Gut microbiota mediates intermittent-fasting alleviation of diabetes-induced cognitive impairment

Zhigang Liu, Xiaoshuang Dai, Hongbo Zhang, Renjie Shi, Yan Hui, Xin Jin, Wentong Zhang, Luanfeng Wang, Qianxu Wang, Danna Wang, Jia Wang, Xintong Tan, Bo Ren, Xiaoning Liu, Tong Zhao, Jiamin Wang, Junru Pan, Tian Yuan, Chuanqi Chu, Lei LanFei Yin, Enrique Cadenas, Lin Shi, Shancen Zhao, Xuebo Liu

Research output: Contribution to journalArticlepeer-review

114 Scopus citations

Abstract

Cognitive decline is one of the complications of type 2 diabetes (T2D). Intermittent fasting (IF) is a promising dietary intervention for alleviating T2D symptoms, but its protective effect on diabetes-driven cognitive dysfunction remains elusive. Here, we find that a 28-day IF regimen for diabetic mice improves behavioral impairment via a microbiota-metabolites-brain axis: IF enhances mitochondrial biogenesis and energy metabolism gene expression in hippocampus, re-structures the gut microbiota, and improves microbial metabolites that are related to cognitive function. Moreover, strong connections are observed between IF affected genes, microbiota and metabolites, as assessed by integrative modelling. Removing gut microbiota with antibiotics partly abolishes the neuroprotective effects of IF. Administration of 3-indolepropionic acid, serotonin, short chain fatty acids or tauroursodeoxycholic acid shows a similar effect to IF in terms of improving cognitive function. Together, our study purports the microbiota-metabolites-brain axis as a mechanism that can enable therapeutic strategies against metabolism-implicated cognitive pathophysiologies.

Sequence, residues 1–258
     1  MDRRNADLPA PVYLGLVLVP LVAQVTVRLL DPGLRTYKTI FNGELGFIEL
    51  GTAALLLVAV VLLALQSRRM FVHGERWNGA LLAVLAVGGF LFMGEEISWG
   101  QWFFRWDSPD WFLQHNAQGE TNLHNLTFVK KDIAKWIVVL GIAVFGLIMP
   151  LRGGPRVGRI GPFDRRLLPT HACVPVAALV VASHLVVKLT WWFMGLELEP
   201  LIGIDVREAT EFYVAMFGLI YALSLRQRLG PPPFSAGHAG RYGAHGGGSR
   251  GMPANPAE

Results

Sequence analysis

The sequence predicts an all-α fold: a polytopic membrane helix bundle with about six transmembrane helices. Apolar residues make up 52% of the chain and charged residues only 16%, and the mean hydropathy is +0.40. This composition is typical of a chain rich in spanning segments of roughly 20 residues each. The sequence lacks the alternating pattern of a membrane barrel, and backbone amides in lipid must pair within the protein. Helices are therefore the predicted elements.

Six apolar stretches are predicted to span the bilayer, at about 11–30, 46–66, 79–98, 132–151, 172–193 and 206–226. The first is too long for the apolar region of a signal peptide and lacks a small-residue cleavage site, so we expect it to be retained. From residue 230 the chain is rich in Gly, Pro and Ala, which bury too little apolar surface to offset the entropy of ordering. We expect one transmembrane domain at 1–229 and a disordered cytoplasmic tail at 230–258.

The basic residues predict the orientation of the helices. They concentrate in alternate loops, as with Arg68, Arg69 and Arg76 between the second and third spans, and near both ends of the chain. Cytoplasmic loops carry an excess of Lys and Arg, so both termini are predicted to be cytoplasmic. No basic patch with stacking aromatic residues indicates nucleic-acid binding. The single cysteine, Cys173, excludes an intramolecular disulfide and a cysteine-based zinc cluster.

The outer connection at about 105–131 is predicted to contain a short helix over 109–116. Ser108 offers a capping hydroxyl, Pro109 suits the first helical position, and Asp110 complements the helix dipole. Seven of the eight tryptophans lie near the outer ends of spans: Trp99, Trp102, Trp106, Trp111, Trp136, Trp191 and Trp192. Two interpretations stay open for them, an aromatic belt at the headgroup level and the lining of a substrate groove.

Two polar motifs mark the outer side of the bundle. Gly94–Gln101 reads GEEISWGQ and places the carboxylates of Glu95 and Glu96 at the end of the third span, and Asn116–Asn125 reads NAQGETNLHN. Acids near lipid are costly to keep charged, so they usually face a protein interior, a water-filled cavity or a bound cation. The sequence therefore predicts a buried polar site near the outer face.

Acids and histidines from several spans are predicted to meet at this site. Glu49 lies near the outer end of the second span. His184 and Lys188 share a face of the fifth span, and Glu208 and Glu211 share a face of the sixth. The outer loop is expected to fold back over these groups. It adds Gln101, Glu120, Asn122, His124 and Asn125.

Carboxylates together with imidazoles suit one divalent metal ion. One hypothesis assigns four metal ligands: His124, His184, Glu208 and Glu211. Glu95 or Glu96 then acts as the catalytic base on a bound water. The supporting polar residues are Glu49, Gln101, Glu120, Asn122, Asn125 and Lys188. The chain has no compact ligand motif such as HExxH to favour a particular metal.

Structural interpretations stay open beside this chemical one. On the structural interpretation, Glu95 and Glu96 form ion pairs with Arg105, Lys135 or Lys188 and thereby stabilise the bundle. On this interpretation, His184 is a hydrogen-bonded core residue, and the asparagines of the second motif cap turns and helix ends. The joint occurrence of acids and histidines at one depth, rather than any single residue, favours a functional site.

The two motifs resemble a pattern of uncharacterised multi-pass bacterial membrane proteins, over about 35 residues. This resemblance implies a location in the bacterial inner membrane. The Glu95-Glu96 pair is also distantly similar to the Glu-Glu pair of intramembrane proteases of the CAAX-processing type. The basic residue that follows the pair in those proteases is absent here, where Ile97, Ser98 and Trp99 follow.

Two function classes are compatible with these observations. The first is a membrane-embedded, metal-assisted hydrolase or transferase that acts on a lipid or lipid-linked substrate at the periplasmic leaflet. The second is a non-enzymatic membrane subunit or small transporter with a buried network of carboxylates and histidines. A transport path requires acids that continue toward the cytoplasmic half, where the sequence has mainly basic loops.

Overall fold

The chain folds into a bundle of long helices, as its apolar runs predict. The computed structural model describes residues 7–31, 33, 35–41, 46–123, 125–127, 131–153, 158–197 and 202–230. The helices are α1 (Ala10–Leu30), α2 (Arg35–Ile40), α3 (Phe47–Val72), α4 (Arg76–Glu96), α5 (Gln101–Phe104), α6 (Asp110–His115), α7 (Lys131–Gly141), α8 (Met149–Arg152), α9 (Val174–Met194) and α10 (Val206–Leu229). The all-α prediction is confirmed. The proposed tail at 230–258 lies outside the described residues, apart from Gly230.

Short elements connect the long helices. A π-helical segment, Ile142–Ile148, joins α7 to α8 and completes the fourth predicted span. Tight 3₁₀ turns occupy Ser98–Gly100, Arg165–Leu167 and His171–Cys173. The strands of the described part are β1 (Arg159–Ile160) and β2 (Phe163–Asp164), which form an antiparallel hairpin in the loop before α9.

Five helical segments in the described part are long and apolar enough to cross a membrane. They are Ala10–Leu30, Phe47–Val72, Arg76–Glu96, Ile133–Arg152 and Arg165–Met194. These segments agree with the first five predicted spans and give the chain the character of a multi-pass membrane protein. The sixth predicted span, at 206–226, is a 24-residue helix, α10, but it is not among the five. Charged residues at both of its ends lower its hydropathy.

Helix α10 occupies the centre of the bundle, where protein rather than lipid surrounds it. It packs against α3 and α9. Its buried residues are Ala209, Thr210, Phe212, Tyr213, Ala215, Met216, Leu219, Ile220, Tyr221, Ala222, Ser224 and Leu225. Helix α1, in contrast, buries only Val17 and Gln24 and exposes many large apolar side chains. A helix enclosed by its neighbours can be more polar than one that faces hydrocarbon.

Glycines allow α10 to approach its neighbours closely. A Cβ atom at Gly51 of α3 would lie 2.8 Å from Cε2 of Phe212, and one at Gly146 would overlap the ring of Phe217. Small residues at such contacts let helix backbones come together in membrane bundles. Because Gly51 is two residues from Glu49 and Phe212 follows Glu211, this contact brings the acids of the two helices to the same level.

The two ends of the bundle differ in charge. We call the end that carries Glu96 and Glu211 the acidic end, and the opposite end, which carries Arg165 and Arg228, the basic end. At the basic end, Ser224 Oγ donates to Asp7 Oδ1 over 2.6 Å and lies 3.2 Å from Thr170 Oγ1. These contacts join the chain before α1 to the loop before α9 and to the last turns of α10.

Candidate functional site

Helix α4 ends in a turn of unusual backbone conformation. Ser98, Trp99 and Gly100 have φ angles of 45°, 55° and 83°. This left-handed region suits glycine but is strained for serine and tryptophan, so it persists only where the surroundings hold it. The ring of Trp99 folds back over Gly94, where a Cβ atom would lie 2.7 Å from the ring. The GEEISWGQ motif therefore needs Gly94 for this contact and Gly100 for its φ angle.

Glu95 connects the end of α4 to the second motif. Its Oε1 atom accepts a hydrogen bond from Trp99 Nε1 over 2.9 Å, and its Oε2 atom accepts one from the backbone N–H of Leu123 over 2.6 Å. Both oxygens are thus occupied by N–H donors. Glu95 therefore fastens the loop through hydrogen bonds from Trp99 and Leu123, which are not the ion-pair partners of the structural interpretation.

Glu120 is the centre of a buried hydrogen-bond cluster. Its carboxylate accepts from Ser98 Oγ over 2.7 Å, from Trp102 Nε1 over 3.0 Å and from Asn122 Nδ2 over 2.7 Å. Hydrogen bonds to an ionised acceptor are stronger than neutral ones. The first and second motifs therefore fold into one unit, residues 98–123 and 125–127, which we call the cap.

Original languageEnglish (US)
Article number855
JournalNature communications
Volume11
Issue number1
DOIs
StatePublished - Dec 1 2020

ASJC Scopus subject areas

  • Chemistry(all)
  • Biochemistry, Genetics and Molecular Biology(all)
  • Physics and Astronomy(all)

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